As we go through the process of searching for ways to cut money from our national budget, we should be doing some soul-searching as well.
You can watch the political parties lining up with their masters and pets, trying to focus the effort on the places where they want the budget cut. To do this, they need to demonize and dehumanize the people whose funding they want to cut.
One side wants to cut funding and pork that goes primarily to the wealthy class in our country. They look to move the taxpayer dollars toward those on the lower end of the income scale, and away from those on the upper end. In addition, they target defense spending as the best place to reduce cost. The defense industry argument is an easy one to make, I’ve written before about the amazing money we could save if we cut our defense spending to twice as much as the next biggest defense spender in the world – $600 – $700 billion a year. It’s staggering. But there’s a human side to that. Defense contractors are the biggest “welfare recipients” in the nation, and when they get that taxpayer money, they pass some of it on to their employees in the form of jobs; often really good jobs. The people who have these jobs aren’t demons and crazies. They are for the most part good people, often hard-working people, trying to get by and do a good job. As we cut the defense industry’s “welfare” ticket back, many of those good and hard-working folks will be out of a job.
The other side wants to cut funding for any programs that move money toward the middle or lower classes in the country, while retaining programs that continue to benefit the upper class. They typically demonize the waste in government programs like Medicare and Social Security; these are the places they want to make the big cuts. But there’s a human side to these cuts as well; much easier to see. While there is surely waste and fraud in any bureaucracy, be it Medicare or defense contracting, there is also a great need among the poorest class in our country. As we cut these programs back, those with the greatest need will feel the greatest These people aren’t demons and crazies. They are for the most part good people, often hard-working people, trying to get by and do a good job.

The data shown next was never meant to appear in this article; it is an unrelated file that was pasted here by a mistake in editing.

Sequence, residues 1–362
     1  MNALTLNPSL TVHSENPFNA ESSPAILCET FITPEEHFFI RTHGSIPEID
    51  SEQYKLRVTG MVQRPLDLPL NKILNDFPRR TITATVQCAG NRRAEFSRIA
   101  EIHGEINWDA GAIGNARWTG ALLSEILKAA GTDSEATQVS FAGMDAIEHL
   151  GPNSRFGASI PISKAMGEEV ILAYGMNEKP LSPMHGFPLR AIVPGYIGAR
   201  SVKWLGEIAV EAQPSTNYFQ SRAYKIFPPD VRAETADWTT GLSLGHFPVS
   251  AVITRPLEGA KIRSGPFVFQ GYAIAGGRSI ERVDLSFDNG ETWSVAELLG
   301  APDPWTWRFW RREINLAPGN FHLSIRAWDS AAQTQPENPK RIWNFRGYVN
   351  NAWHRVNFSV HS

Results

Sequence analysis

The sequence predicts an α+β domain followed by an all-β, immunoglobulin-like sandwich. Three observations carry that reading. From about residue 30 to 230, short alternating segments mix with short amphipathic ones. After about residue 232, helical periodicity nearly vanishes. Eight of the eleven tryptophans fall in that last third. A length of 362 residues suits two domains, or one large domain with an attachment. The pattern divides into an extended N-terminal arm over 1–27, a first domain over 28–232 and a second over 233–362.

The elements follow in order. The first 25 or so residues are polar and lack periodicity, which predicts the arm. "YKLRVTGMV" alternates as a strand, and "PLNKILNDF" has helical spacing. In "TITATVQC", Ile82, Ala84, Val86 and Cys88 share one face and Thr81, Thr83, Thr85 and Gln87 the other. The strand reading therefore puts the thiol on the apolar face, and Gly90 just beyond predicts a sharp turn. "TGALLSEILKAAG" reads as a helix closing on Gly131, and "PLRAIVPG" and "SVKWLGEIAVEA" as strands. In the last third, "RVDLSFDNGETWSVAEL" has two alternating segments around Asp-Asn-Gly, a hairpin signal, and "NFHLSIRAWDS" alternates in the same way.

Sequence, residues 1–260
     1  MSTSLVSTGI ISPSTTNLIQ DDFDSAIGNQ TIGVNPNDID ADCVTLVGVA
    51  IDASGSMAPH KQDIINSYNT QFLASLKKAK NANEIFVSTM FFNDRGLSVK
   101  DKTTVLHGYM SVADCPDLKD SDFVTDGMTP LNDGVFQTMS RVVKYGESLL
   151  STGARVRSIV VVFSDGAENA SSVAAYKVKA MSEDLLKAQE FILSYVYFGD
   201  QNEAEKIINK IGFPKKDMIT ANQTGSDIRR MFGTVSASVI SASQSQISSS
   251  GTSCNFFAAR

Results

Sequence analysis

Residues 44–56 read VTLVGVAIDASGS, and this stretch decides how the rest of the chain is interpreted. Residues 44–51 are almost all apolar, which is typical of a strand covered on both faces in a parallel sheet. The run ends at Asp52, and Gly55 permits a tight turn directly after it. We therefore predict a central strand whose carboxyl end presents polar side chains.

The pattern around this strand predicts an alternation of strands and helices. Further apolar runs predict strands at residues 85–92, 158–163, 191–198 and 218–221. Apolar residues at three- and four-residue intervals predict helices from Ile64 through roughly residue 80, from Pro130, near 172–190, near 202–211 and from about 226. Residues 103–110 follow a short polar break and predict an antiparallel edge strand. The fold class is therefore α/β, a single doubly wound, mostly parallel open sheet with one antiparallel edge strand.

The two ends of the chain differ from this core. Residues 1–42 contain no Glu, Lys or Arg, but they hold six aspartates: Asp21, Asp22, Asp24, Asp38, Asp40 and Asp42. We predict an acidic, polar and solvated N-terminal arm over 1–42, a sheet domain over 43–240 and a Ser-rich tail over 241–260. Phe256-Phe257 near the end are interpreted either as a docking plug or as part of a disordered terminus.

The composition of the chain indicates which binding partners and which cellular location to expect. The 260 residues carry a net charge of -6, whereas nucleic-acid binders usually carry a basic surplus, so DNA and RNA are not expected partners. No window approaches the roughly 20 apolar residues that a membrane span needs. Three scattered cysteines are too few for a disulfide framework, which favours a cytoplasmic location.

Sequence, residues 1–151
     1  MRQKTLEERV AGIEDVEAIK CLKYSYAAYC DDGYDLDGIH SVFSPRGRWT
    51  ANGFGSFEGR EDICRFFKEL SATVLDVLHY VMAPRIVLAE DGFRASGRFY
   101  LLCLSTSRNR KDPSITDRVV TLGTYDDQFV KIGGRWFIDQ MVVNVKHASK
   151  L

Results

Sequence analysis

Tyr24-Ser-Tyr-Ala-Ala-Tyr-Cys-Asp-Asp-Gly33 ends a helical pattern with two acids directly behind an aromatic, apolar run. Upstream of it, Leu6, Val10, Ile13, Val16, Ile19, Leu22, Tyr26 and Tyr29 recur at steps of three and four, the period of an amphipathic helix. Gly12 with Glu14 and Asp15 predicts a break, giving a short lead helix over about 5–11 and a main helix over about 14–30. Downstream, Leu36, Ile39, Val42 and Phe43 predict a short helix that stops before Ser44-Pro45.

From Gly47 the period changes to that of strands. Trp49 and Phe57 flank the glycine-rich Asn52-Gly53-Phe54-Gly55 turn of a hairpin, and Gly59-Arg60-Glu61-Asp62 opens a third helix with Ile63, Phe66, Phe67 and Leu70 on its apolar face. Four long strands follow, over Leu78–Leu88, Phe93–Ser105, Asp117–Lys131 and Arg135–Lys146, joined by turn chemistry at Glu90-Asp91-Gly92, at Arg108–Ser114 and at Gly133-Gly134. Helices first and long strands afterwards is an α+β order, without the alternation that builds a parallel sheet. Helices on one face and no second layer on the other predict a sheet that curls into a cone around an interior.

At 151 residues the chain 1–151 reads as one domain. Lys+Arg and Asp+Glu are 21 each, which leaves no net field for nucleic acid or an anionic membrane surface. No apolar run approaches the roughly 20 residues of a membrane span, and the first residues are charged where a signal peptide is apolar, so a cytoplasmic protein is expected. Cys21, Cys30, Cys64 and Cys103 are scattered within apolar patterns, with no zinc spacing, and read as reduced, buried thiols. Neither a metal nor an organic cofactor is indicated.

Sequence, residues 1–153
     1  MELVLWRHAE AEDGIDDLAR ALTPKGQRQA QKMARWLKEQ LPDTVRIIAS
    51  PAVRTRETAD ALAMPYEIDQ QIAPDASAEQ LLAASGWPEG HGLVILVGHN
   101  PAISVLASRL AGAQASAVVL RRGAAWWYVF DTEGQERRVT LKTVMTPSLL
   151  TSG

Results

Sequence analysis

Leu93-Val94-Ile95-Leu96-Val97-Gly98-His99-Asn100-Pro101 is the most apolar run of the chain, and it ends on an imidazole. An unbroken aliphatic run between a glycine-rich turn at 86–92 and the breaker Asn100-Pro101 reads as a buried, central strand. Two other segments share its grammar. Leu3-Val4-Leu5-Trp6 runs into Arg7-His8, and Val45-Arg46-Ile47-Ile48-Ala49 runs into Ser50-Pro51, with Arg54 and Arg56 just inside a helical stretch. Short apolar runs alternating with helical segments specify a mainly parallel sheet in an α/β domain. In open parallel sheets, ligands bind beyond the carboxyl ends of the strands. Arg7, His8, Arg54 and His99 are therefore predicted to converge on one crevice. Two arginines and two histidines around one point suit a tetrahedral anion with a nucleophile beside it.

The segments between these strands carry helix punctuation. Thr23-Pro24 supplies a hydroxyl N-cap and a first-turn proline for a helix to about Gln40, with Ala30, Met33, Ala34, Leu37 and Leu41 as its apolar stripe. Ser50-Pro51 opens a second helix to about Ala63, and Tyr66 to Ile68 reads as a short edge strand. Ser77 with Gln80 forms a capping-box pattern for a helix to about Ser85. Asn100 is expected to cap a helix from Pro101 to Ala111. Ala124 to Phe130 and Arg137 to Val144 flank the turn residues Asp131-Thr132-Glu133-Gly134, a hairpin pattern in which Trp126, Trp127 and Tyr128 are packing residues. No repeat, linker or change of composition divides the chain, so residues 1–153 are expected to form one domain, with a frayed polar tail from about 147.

The budget has both a revenue and a spending side. Both sides need to be addressed. On the spending side alone, as we pound the table with our strong opinions about whose government funfing we should be cutting, let’s do our best to understand clearly what those cuts mean, who will be hurt by the cuts, and what that pain will look like. Even when we hold strong opinions about who should receive the biggest cuts, let’s try and see the real people who will feel the pain of the cuts. Let’s see the good within those people, rather than demonizing them.
The same logic holds true for cuts to overseas programs that the government funds, or cuts to outreach programs in churches, temples, and mosques. It’s even more stark in those cases, as the recipients of the help often look very different from us, and live very differently, too. It’s much easier to not see and understand those more distant people, and much easier to see only the bad things about those people.
We all have good and bad within us, right? We all have things we’re proud of, and things we’re ashamed of. When we look at someone else, we choose whether we’re seeing the good or the bad in that person. Until we see the good in a person, we’ll not be able to provide real and meaningful help, or find real and meaningful solutions. We’ll not be able to open the Giving Circle.
This post will be published on my blog, as part of a series on finding ways to provide help.